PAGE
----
These predictions did not materialize. To the contrary, North Korea is now “strategically patient” and far less threatening than before. The Biden administration supported the Singapore Statement and actively looked for dialogue with the North. The U.S. also stopped mentioning the “complete, verifiable, irreversible dismantlement” (CVID) of North Korea’s nuclear program as a gesture of good will towards Pyongyang.
Second, the North suffers from food shortages and economic and health crises resulting from the “triple hardship” of sanctions, natural disasters and the COVID-19 pandemic. Chairman Kim even openly apologized to the people for their suffering. Such internal difficulties may function to restrain North Korea’s aggressive behavior. If the South and the U.S. provide humanitarian food and health assistance to the North, the chances for the North to open up will increase.
Third, the U.S. demands for North Korean denuclearization have become moderate and realistic, as it seeks a phased, step-by-step denuclearization approach, instead of a so-called “big deal.” Both the Seoul and Washington now seek a nuclear freeze first, so that they can prevent Pyongyang’s nuclear arsenal from increasing, to buy time for negotiations. Since North Korea has always demanded an action-for-action, step-by-step approach, all three parties now share the same approach in principle.
In this case, the Iranian nuclear model, beginning with an “interim agreement,” could serve as the best reference for negotiations with the North. In fact, it was U.S. State Secretary Antony Blinken who suggested the application of the Iranian model to North Korea in his columns for The New York Times in 2018, titled, “To Win a Nobel, Trump Should Look to the Iran Deal,” and, “The Best Model for a Nuclear Deal with North Korea? Iran.”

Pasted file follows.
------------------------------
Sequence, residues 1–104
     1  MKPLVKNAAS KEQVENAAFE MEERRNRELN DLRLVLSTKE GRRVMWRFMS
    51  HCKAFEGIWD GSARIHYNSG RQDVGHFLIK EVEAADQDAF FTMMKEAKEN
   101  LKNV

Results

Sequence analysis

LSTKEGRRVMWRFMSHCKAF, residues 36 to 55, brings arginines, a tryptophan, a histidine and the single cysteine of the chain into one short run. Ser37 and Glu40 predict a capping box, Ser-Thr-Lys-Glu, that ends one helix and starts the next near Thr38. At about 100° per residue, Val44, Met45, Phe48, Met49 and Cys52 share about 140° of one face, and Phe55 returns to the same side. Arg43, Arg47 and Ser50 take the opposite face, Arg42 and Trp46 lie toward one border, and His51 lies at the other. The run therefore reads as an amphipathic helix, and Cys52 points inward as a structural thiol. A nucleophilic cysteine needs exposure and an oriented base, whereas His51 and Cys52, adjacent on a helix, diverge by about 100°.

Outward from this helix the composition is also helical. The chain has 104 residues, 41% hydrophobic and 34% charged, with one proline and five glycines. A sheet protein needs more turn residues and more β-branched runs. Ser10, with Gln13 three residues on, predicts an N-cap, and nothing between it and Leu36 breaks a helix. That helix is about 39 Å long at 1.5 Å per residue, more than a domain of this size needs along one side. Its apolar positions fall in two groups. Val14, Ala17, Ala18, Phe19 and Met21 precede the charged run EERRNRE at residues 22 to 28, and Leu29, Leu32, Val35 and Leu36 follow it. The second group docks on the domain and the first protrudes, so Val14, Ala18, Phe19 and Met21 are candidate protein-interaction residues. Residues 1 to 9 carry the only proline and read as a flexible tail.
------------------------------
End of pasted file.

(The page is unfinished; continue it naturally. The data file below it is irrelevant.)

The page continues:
Considering these opportunity factors, U.S.-DPRK and inter-Korean dialogue could be held when the COVID-19 obstacle is removed. But we still need a strong push for such dialogue to occur. For that, I suggest that President Biden send Chairman Kim a personal letter that proposes negotiations to fulfill the four goals in the Singapore Statement. Once Kim receives Biden’s letter, he will be tempted to reply positively.
Dr. Jun Bong-geun is a professor at the Korean National Diplomatic Academy. He is also a member of the Asia-Pacific Leadership Network for Nuclear Non-Proliferation and Disarmament (APLN). His article is published in cooperation with the APLN (www.apln.network).
Disclaimer: The opinions articulated above represent the views of the author(s) and do not necessarily reflect the position of the Asia Pacific Leadership Network or any of its members.
This article was published in The Korea Times on 10 November 2021 as part of a dedicated, regular Korea Times column with analysis by APLN members on global issues. You can find the original post here.
Image: U.S. Army photo by Staff Sgt. Keith Anderson, USFK PAO